Squadron Leader Chubb already knew about the abduction of Chief Inspector Marek and, he viewed the developments very seriously. In his assessment, my position in Vienna was less secure, in fact much more dangerous than I imagined. The Russian penetration into the Neutral Zone and the American Sector was complete. Their kidnap-squads were operating quite freely. I will just have to stay in Schönbrunn!

The evaluation was obviously correct and, I accepted this offer of hospitality with sincere thanks. Pepé Pospíšil it went back to his flat and brought me my brief-case … with all my possessions. In addition to my thanks I gave him my Čz 6.35 with ammunition. I knew that he admired this handy toy and, I did not need it any more.

Living in the Schönbrunn Palace barracks, with the Royal Air Force, made me feel at home very quickly. Lovely surroundings and a really pleasant atmosphere in every way … but, I could not help wondering: “How do I get out?” My RAF identification had helped with the required formalities at the British Embassy, but the issue of my ‘Document of Identity’ was still taking time. I am not sure what may have been the cause of this delay, but the documents and airline tickets were eventually ready on 27th July 1948.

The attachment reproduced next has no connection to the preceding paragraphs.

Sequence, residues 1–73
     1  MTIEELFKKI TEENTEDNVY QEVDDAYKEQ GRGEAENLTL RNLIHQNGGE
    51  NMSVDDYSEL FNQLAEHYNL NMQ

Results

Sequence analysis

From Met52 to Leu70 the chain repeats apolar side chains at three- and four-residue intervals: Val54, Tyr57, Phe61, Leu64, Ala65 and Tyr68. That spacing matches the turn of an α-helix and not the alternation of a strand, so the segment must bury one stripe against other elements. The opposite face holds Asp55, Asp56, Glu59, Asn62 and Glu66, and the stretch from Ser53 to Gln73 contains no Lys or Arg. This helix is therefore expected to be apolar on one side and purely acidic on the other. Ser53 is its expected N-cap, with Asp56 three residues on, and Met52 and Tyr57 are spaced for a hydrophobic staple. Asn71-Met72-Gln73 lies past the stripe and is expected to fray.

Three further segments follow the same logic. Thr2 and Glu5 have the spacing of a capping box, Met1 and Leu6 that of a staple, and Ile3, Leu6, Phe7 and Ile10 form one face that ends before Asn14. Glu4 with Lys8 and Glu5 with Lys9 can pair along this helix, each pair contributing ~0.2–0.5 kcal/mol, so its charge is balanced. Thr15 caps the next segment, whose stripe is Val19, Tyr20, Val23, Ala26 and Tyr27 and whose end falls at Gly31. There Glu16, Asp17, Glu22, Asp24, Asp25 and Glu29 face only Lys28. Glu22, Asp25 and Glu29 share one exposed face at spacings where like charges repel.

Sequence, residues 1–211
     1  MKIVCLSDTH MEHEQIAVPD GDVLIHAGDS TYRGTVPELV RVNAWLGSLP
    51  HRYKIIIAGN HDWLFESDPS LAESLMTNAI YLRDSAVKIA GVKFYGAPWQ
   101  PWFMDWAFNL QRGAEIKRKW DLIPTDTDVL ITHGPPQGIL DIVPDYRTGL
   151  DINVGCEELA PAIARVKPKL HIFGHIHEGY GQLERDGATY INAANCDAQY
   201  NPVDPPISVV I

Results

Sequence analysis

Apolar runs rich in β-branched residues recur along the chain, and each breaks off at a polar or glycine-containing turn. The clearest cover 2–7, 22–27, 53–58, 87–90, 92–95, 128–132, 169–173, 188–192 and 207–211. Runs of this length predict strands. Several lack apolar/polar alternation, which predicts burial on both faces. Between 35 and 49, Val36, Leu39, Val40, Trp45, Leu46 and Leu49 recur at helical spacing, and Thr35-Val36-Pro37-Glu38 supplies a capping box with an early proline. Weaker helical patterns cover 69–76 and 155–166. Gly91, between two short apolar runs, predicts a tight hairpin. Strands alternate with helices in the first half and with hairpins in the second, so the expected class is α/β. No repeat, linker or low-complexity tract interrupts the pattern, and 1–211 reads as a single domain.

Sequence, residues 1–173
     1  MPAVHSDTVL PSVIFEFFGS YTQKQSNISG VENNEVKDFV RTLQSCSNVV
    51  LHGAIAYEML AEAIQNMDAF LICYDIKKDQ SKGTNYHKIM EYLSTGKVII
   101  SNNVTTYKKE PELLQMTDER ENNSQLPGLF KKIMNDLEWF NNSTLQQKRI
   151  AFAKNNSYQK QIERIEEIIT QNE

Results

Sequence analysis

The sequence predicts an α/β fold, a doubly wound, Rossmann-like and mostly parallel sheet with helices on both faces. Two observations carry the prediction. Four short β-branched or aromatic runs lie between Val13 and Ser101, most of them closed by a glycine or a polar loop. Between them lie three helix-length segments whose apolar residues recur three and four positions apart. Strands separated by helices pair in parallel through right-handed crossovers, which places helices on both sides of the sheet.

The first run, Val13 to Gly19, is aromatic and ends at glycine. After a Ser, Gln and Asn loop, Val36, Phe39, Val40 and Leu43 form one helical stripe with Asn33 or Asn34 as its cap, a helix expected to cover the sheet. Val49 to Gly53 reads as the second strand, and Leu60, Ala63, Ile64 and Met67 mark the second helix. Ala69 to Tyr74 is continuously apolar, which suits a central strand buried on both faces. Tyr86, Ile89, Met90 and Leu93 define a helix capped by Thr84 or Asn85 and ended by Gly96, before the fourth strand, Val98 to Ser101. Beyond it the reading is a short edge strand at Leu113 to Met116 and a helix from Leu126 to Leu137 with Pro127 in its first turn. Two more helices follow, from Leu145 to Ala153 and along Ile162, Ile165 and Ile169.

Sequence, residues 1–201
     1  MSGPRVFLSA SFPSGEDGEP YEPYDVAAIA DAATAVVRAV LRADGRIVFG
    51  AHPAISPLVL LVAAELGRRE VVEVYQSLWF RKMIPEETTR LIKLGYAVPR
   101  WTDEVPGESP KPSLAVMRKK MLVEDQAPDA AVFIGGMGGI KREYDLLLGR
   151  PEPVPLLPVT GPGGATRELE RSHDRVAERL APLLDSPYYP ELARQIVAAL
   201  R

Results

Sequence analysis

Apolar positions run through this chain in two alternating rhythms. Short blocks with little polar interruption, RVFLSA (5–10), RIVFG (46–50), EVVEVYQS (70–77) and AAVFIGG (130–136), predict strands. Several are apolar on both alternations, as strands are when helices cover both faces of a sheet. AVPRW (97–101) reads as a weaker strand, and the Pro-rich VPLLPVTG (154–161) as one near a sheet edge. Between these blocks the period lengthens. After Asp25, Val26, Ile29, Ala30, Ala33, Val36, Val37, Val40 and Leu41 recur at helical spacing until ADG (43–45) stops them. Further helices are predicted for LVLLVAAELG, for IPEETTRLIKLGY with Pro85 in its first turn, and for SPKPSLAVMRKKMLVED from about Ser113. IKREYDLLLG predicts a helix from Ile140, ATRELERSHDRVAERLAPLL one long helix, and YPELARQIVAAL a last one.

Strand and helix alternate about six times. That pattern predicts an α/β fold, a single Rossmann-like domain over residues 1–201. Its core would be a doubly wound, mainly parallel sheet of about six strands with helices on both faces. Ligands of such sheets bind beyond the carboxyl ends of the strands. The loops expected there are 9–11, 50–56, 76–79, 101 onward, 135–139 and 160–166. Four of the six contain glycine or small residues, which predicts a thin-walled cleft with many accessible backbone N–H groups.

As I was set to leave Austria, my thoughts were on how am I going to cross the Russian Zone into Schwechat Airport? Squadron Leader Chubb however worked it out for me; he arranged to take me with two of his officers and, Flight Lieutenant Brown lent me his uniform for the trip. At the airport I changed back into my own clothing and the three RAF officers came with me right into the airliner as a precaution against a last minute kidnap attempt. Everything worked out perfectly. I feel truly grateful to the Royal Air Force for looking after me with so much effort and, personal consideration.